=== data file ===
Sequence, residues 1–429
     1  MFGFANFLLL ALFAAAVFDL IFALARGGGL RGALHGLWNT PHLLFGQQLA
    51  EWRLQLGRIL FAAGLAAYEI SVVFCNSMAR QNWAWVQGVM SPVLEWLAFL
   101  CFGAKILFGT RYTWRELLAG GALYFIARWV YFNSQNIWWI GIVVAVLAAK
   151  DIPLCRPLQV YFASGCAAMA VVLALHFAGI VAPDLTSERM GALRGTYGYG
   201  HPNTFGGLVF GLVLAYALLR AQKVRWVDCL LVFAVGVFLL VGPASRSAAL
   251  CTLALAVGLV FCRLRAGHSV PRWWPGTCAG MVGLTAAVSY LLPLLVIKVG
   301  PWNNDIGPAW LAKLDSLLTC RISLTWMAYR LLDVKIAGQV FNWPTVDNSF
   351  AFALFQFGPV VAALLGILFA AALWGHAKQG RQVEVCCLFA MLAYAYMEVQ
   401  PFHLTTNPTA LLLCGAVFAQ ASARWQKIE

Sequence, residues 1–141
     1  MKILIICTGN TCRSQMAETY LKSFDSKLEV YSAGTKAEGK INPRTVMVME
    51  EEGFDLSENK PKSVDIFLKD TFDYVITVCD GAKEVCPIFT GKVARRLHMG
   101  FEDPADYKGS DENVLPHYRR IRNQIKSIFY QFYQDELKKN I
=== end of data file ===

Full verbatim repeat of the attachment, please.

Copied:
Sequence, residues 1–429
     1  MFGFANFLLL ALFAAAVFDL IFALARGGGL RGALHGLWNT PHLLFGQQLA
    51  EWRLQLGRIL FAAGLAAYEI SVVFCNSMAR QNWAWVQGVM SPVLEWLAFL
   101  CFGAKILFGT RYTWRELLAG GALYFIARWV YFNSQNIWWI GIVVAVLAAK
   151  DIPLCRPLQV YFASGCAAMA VVLALHFAGI VAPDLTSERM GALRGTYGYG
   201  HPNTFGGLVF GLVLAYALLR AQKVRWVDCL LVFAVGVFLL VGPASRSAAL
   251  CTLALAVGLV FCRLRAGHSV PRWWPGTCAG MVGLTAAVSY LLPLLVIKVG
   301  PWNNDIGPAW LAKLDSLLTC RISLTWMAYR LLDVKIAGQV FNWPTVDNSF
   351  AFALFQFGPV VAALLGILFA AALWGHAKQG RQVEVCCLFA MLAYAYMEVQ
   401  PFHLTTNPTA LLLCGAVFAQ ASARWQKIE

Sequence, residues 1–141
     1  MKILIICTGN TCRSQMAETY LKSFDSKLEV YSAGTKAEGK INPRTVMVME
    51  EEGFDLSENK PKSVDIFLKD TFDYVITVCD GAKEVCPIFT GKVARRLHMG
   101  FEDPADYKGS DENVLPHYRR IRNQIKSIFY QFYQDELKKN I